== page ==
26 December 2004. About
tsunami from asteroidal impacts: Deep-sea
waves generated at contact by asteroids varying
in diameter from 1-100km (unaffected by interaction
with sea floor) could reach heights of about
1 km, according asteroidal impact modeling
studies (e.g. Gisler,
Weaver, et al. 2002). This would translate
into multi-km wave heights upon arrival in
shallow/shore waters. Thankfully, these are
rather rare events, even by geological standards.
2004 Sound of the Big Bang http://faculty.washington.edu/jcramer/BBSound.html
4 September 2002. NASA SCIENTISTS DETERMINED
TO UNEARTH ORIGIN OF THE ITURRALDE CRATER. Excerpt:
NASA scientists will venture into an isolated
part of the Bolivian Amazon to try and uncover
the origin of a 5 mile (8 kilometer) diameter
crater there known as the Iturralde Crater.
Traveling to this inhospitable forest setting,
the Iturralde Crater Expedition 2002 will seek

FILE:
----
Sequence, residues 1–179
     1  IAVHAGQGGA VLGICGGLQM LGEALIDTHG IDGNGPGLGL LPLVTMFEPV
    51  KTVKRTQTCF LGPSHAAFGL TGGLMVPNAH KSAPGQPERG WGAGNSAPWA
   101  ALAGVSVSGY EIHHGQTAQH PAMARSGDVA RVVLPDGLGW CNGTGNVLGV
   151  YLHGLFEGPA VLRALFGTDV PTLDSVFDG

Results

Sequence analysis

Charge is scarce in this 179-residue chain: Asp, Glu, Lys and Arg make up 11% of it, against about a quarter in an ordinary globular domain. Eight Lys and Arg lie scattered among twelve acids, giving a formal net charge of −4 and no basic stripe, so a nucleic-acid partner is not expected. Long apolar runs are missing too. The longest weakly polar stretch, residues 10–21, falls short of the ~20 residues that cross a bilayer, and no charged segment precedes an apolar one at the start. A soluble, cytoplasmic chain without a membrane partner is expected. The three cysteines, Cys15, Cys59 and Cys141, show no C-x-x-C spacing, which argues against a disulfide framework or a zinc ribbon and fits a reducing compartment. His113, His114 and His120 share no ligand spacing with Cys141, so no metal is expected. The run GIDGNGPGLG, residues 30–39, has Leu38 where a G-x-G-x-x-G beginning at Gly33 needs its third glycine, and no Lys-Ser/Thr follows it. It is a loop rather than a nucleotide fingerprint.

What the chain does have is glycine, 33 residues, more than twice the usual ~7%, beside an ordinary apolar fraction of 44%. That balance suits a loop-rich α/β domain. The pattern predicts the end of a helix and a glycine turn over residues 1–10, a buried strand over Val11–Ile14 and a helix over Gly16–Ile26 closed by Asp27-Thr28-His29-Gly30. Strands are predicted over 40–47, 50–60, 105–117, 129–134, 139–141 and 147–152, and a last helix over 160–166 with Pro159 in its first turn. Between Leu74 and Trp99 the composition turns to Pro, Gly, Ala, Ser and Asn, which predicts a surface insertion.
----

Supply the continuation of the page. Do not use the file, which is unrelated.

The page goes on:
to determine if the unusual circular crater
was created by a meteor or comet.
Home: Earth from Space --video
-- (available fall 2002) Two
student moderators engage the audience with
satellite imagery, computer graphics, and
historical footage to make the point that
the Earth is an interconnected system of
air, land, water, and life. The video includes
segments on: An introduction to Earth system
science; Using satellites to look at Earth
from space; El Niño; Global Warming;
Drought; Hurricanes (2:03), and An epilogue.
Length: 22:00. The video can also be downloaded
as QuickTime movies from: http://education.gsfc.nasa.gov/video/.
2002 - present
General Astronomy Resources